To be considered for a position with SA Home Loans, please fill in the information required on the following pages, provide us with details on your previous employment, and submit your application.
Our highly experienced personnel will assess your application and contact you should further information be required.
Please note: The information supplied will be used strictly for recruitment purposes and is subject to our Privacy Statement.
To disclose or not to disclose...that is the question
The seller wants his home sold as quickly as possible for as much as possible. This could lead to hasty interviews and little or no property inspection by you, the agent, in order to get the sale concluded. Sound familiar?
When faced with time pressure, it’s tempting to sell quickly, using the voetstoets clause to give the seller and you some form of comfort. This can be easily justified – after all, you have an open day for the buyer to view the property and you also ensure that the buyer may return with spouse, family and friends for future arranged visits. So they have plenty of opportunity to inspect the property.
And this is perhaps the problem: a lot of responsibility is placed on the buyer to inspect the home and familiarise themselves with every nook and cranny. However, the buyer is not, in normal circumstances, an expert in the building industry and may not know what to look for...or where to look.
You don’t want to create a situation where a potential buyer avoids a show house, based solely on who the mandated agent is. However, this is possible if their interaction from a previous dealing was so poor that it tarnished the prospective buyer’s experience.
For information, here are the dictionary definitions:
Voetstoets – “as is” – denoting a sale in which the vendor is freed from all responsibility for the condition of the goods being sold.
Disclosure – the act or instance of disclosing, exposure or revelation
Latent defect: a defect in an article sold that is not apparent after ordinary inspection by a 'reasonable man'.
Patent defect: a defect that is, or should reasonably be, easily identifiable upon inspection of the goods or property.
Patent defects are those that one assumes will be seen and possibly won’t create too much of a fuss. Some simple examples: missing or broken window panes and broken gutters.
It’s the LATENT defects that are causing the real stir, however, because if a defect is discovered, the buyer would have to prove this was known to the seller prior to the sale and that the seller purposefully hid the information.
So, to avoid any claims of misrepresentation, the seller must declare all known defects on an annexure for both the buyer and seller to sign. Should a defect arise thereafter, the seller and the agent can be assured that the latent defect was not known at the time of the sale.
While preparing and researching for this article I came across an interesting article ( “Hammurabi’s Code on Liability for Latent Defects" in Josh Blackman’s Blog – www.joshblackman.com) The article mentioned Hammurabi’s code. This was a constitution of sorts used 3800 years ago and had a few laws for building. Here are some excerpts:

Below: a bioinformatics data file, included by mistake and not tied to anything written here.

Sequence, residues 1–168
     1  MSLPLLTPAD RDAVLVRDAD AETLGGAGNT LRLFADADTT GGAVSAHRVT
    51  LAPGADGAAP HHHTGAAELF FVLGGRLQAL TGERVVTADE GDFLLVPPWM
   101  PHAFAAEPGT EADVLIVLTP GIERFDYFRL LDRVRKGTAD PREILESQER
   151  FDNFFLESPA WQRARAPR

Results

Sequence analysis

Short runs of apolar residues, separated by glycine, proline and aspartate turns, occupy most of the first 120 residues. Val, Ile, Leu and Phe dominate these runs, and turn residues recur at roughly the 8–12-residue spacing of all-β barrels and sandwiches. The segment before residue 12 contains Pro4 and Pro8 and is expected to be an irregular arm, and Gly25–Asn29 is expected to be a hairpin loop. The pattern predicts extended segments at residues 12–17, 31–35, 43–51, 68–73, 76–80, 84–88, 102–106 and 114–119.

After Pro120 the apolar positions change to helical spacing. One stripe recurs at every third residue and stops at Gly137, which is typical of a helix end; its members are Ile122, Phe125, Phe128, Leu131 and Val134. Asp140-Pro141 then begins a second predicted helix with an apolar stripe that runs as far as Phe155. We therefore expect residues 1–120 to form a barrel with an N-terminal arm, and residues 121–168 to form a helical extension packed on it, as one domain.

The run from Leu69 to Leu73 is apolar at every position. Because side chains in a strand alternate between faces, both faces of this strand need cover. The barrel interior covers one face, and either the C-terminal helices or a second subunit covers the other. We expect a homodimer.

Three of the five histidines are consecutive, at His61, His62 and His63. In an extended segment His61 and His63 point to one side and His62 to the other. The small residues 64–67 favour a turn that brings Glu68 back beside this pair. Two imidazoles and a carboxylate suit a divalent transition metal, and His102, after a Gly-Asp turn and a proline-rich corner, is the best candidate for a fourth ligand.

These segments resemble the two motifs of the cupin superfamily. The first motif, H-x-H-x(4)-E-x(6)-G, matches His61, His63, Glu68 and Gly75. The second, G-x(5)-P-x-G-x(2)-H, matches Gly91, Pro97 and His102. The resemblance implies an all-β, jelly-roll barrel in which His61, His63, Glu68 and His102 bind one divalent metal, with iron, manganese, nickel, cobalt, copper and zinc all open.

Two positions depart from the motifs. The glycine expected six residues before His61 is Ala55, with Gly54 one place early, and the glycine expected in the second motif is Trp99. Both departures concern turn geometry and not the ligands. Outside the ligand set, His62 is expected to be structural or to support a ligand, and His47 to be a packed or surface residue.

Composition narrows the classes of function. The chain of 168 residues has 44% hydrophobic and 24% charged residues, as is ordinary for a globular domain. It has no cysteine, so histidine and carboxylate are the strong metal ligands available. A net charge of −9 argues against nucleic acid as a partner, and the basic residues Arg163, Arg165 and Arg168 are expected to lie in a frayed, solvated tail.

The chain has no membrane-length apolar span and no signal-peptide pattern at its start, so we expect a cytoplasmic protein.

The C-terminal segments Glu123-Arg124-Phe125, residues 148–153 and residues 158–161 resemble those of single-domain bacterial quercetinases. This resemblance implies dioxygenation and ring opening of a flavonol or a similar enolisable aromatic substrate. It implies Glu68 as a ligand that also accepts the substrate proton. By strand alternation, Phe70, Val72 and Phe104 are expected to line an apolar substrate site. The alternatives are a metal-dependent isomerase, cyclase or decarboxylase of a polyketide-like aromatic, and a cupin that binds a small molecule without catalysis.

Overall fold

Hammurabi’s code— now about 3,800 years old— identifies the need to reestablish a symmetry of fragility, spelled out as follows:
"If a builder builds a house and the house collapses and causes the death of the owner of the house— the builder shall be put to death. If it causes the death of the son of the owner of the house, a son of that builder shall be put to death. If it causes the death of a slave of the owner of the house— he shall give to the owner of the house a slave of equal value.”
The punitive measures used in 1800 BC were harsh – and we can only assume this provided the incentive to builders not only to build correctly, but to also hand over completed buildings or projects after thorough inspections.
In current day South Africa, the law is not quite so harsh; however the consequences and the costs of not fully disclosing known defects are significant and can range from being required to make good the defect, offer financial compensation, or have the sale cancelled.
The key here is full disclosure upfront. This is not only legally required but also ethically correct - much like the SABC TV licence... “it’s the right thing to do” - as the knock on consequences, should there be linked sales, are significant to both parties.
So in closing, in my opinion, it would be advisable to thoroughly interview the seller and get full disclosure from him about what he is aware of that could influence the sale. Then disclose this on the Offer to Purchase, with acknowledgement in writing by the Buyer. The asking price can be adjusted to take this information into consideration.
Our apologies, our calculators are not supported by your browser.
Our apologies, our contact me form is not supported by your browser.